A new study reveals that the way fruit bats use biosonar to 'see' their surroundings is significantly more advanced than first thought.
The study, published Sept. 13 in the online, open access journal PLoS Biology, examines Egyptian fruit bats (Rousettus aegyptiacus), which use echolocation to orient inside their caves and to find fruit hidden in the branches of trees. Their high-frequency clicks form a sonar beam that spreads across a fan-shaped area, and the returning echoes allow them to locate and identify objects in that region. As these bats were considered to have little control over their vocalizations, scientists have puzzled over how they are able to navigate through complex environments.
The research team, led by Nachum Ulanovsky of the Weizmann Institute in Israel and Cynthia Moss of the University of Maryland, reports that these bats adapt to environmental complexity using two tactics. First, they alter the width of their sonar beam, similar to the way humans can adjust their spotlight of attention in order to spot, for example, a friend in a crowded room. Second, they modify the intensity of their emissions. "The work presented here reveals a new parameter under adaptive control in bat echolocation," says Ulanovsky.
Ulanovsky and his team trained five Egyptian fruit bats to locate and land on a mango-sized plastic sphere placed in various locations in a large, dark room equipped with an array of 20 microphones that recorded vocalizations. In one set of experiments, the researchers simulated an obstacle-filled forest by surrounding the sphere with two nets spread between four poles. To reach the target, the bats flew through a narrow corridor whose width and orientation varied from trial to trial.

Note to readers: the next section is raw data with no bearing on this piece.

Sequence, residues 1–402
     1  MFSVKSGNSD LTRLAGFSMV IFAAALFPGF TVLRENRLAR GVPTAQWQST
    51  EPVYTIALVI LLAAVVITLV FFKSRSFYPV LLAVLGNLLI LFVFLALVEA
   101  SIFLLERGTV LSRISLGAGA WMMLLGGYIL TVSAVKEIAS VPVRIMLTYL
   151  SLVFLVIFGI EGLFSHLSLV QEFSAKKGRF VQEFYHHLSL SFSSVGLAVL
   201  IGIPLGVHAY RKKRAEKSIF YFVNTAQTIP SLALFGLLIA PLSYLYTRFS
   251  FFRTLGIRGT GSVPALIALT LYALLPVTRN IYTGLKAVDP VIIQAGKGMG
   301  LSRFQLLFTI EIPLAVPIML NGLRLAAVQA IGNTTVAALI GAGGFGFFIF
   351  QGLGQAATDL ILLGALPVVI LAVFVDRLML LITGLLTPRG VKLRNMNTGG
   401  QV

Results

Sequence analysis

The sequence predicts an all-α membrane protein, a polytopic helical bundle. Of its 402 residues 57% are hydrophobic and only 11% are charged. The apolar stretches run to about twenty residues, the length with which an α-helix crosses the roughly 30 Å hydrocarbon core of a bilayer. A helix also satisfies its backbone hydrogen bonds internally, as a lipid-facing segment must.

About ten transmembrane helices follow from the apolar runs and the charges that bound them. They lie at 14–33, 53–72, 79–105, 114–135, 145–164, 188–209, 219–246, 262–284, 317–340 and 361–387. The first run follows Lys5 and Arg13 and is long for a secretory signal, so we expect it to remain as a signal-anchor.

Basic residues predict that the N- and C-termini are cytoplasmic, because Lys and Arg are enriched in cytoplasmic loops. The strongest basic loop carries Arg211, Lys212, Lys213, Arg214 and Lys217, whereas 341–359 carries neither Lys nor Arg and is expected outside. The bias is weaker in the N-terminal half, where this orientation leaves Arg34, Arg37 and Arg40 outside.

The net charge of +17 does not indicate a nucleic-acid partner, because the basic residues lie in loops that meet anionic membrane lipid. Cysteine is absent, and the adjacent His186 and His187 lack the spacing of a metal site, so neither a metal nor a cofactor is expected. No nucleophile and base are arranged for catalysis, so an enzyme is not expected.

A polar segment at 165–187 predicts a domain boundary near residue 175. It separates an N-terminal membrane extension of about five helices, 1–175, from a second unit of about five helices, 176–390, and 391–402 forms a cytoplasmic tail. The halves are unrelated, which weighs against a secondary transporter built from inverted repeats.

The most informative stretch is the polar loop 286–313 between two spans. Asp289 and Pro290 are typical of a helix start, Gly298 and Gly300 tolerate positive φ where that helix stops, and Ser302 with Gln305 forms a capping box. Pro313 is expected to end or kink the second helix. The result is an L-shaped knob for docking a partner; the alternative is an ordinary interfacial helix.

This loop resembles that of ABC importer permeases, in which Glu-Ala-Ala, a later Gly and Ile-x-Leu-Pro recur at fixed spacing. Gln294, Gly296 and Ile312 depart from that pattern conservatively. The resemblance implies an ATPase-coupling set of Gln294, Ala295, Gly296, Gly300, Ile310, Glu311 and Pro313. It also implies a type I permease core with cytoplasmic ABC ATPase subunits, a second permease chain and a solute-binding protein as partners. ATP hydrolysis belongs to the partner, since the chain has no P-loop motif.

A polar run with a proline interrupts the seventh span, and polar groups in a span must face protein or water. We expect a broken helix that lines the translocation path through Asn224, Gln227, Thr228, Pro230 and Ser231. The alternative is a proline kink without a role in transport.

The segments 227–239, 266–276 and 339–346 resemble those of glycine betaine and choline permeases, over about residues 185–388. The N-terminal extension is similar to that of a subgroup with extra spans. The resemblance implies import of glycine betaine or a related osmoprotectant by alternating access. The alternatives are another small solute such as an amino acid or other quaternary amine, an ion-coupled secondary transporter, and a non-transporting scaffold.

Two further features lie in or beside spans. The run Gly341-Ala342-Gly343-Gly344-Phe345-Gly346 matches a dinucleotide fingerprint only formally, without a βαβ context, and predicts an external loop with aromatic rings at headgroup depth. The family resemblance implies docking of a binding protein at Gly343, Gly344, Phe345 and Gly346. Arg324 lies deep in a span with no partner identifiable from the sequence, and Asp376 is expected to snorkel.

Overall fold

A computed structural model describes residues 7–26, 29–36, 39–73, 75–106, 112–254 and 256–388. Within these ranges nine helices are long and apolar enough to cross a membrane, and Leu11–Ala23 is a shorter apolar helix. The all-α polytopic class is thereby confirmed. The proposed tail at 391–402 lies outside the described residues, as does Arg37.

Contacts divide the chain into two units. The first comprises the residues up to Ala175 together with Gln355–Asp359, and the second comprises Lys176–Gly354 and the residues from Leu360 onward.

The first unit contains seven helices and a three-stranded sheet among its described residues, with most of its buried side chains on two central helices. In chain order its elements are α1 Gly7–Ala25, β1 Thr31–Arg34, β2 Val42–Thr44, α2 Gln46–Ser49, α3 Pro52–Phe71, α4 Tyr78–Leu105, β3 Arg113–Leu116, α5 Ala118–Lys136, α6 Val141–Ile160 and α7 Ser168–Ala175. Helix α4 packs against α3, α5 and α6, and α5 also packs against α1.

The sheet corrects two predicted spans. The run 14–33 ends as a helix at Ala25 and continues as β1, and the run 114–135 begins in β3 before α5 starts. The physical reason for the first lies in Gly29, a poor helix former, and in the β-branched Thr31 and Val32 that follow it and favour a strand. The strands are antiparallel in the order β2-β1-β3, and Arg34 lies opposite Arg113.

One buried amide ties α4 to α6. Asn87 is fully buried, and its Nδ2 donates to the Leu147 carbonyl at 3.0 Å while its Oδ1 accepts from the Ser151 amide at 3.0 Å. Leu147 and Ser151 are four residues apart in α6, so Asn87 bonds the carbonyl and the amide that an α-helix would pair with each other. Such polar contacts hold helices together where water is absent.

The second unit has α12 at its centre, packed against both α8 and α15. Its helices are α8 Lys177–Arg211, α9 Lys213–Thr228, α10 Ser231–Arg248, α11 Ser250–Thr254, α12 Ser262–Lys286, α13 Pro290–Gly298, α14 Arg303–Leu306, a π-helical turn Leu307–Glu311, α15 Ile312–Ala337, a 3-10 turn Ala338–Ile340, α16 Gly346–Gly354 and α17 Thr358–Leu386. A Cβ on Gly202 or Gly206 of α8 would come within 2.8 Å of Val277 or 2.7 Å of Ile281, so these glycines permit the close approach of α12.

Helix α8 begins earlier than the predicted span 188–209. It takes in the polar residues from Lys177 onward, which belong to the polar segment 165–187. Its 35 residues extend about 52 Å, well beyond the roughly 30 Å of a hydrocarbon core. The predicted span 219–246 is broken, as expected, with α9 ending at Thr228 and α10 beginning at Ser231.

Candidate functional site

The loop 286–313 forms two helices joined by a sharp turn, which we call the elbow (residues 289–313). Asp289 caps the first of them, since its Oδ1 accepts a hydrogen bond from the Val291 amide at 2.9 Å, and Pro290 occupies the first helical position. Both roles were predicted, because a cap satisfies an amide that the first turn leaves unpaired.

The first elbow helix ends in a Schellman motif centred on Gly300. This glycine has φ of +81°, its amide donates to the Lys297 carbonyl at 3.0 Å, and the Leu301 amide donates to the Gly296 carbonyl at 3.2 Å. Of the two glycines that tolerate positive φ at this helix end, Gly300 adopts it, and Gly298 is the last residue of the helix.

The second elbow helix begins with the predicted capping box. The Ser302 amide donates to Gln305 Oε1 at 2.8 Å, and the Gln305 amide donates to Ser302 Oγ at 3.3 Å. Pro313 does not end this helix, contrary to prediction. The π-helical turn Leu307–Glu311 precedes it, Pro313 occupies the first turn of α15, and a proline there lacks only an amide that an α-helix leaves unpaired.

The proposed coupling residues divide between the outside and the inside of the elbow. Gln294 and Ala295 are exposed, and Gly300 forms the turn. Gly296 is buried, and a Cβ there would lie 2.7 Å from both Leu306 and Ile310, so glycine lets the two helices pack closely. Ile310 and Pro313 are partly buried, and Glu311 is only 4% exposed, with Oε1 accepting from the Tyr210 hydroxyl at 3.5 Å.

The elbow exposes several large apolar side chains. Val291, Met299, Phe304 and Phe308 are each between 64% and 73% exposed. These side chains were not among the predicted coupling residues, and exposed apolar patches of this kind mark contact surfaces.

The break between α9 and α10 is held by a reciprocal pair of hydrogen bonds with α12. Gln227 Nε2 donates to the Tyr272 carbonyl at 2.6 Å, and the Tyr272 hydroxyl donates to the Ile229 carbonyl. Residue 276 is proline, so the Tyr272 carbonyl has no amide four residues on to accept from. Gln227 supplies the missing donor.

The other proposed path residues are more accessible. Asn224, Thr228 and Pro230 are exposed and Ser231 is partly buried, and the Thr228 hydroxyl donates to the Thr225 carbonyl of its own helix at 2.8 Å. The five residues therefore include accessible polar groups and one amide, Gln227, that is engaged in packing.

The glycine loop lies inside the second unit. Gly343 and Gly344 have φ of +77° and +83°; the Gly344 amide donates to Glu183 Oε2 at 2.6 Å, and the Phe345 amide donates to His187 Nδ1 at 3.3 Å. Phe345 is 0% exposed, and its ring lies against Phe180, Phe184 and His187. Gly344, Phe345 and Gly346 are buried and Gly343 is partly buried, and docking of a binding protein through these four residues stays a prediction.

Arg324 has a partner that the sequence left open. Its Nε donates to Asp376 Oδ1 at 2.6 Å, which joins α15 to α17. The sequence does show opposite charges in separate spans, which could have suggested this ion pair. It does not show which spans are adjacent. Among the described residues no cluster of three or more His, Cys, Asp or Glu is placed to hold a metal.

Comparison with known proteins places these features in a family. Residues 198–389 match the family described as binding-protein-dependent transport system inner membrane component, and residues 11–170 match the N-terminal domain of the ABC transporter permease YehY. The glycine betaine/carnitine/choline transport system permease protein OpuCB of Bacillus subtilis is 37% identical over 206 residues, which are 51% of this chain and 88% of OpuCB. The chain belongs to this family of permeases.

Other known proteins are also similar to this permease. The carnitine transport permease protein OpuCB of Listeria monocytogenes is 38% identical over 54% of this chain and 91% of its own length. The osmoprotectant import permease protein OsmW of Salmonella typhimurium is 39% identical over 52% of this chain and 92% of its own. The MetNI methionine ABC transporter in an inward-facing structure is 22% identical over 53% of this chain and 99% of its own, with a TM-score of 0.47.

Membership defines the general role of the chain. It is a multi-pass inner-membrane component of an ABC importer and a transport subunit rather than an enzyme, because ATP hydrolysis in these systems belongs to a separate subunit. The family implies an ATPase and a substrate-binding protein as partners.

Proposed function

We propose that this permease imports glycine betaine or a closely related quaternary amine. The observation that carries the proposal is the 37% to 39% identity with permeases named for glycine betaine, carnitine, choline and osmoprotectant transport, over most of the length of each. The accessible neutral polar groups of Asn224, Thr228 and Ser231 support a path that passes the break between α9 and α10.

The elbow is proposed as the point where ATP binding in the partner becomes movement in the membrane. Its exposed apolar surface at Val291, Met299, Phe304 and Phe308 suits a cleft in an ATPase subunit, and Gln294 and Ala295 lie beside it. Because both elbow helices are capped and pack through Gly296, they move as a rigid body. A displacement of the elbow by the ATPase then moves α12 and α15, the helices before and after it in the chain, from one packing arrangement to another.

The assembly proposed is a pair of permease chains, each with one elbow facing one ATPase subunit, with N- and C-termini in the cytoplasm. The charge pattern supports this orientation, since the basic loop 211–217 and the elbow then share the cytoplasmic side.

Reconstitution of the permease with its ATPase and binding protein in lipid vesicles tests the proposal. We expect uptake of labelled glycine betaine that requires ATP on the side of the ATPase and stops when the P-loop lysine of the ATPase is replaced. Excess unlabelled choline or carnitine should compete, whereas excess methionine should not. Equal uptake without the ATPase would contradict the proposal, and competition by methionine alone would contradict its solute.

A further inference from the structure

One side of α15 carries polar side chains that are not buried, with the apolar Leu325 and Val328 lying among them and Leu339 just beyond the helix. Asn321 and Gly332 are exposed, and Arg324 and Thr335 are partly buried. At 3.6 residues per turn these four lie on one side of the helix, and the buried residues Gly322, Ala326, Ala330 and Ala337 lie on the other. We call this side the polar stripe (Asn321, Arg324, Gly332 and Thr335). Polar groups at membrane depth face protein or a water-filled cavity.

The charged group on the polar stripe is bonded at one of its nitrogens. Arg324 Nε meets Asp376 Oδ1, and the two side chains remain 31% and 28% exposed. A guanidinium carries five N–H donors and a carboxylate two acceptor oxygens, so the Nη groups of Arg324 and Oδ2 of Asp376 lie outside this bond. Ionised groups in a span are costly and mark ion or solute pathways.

In the obstacle-filled environment, the bats covered three times as much area with each pair of clicks as they did when the obstacles weren't there. The angle separating each two beams was also wider and the volume of the clicks louder, and these differences became more pronounced as they drew further into the corridor and therefore closer to their obstacles. This larger 'field of view' allowed the bats to track the sphere and the poles simultaneously, and avoid collisions while landing.
"This is the first report, in any sensory system, of an active increase in field-of-view in response to changes in environmental complexity," says Ulanovsky. Although these new findings may be unique to Egyptian fruit bats because of their rapid tongue movements, Ulanovsky explains that their results "suggest that active sensing of space by animals can be much more sophisticated than previously thought -- and they call for a re-examination of current theories of spatial orientation and perception."
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